Researchers from Fraunhofer ENAS have come up with new manufacturing processes that automatically print electrical conductors directly onto aircraft components.
According to the researchers led by Dr. Ralf Zichner, there is no waste during production, and the print templates can be adapted quickly and flexibly.
Moreover, the classic laying of the cable harnesses is eliminated and the aircraft manufacturers save space and weight.
An aircraft’s fuselage is replete with copper cables that run through the vessel similar to veins in the human body. These cables are known for transmitting electrical signals for temperature-measuring sensors, LEDs in ceilings or electronic connections in seats. During their installation, individual cables are combined into harnesses.
“The process of producing and installing cable harnesses is currently 100 percent manual. This is very time-consuming and expensive,“ says Zichner.
The ENAS researchers are thus making use of electrically conductive silver ink which can be applied by screen or inkjet printing in layers of only a few microns directly onto lightweight aerospace materials.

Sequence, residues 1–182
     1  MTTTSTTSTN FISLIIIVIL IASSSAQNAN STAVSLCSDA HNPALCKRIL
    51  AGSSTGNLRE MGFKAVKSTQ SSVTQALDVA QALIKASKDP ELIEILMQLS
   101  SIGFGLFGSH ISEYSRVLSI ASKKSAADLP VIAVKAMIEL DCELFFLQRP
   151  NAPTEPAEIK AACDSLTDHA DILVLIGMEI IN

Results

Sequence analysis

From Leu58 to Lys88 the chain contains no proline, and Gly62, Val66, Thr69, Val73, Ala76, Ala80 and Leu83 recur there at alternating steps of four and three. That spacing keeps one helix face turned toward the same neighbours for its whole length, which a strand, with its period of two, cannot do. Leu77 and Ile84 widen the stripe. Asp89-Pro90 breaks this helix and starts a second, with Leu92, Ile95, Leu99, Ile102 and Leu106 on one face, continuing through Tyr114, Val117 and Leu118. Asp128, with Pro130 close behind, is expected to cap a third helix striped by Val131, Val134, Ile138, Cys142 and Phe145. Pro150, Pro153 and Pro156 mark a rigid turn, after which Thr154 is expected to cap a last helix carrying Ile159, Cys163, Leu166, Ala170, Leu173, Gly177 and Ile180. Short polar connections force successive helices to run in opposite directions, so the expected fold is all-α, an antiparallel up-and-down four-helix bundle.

In addition to the use of printing technologies for the production of printed conductors, the scientists have also integrated microcontrollers, diodes, capacitors, resistors and other electronic components into aerospace modules.
High-temperature resistant thermoplastics are an important component of lightweight, stable fiber reinforced plastics (FRP), which are indispensable in the construction of aircraft.
Thermoplastics can be reshaped or formed in a specific temperature range; they also cool down quickly after processing and can be processed at a fast pace.
“In aviation, though, there has previously been a lack of concepts for the cost-effective production of functionally integrated thermoplastic structures,“ notes Tobias Joppich of Fraunhofer ICT.
Together with partners in the LuFo V-1 program, Fraunhofer ICT has developed a new component and production concept with modular stiffening elements for cargo holds.
The lightweight construction experts produce these from fiber-reinforced high-temperature thermoplastics in a hybrid molding process, a combination of forming and injection molding processes.
According to the researchers, the lightweight components are flame retardant, stable, can be automated in large quantities and are easy to assemble.
The new concept can also be applied to other aircraft components, including the body shell, clips or internal components, such as seat structures.
Image and content: Fraunhofer ENAS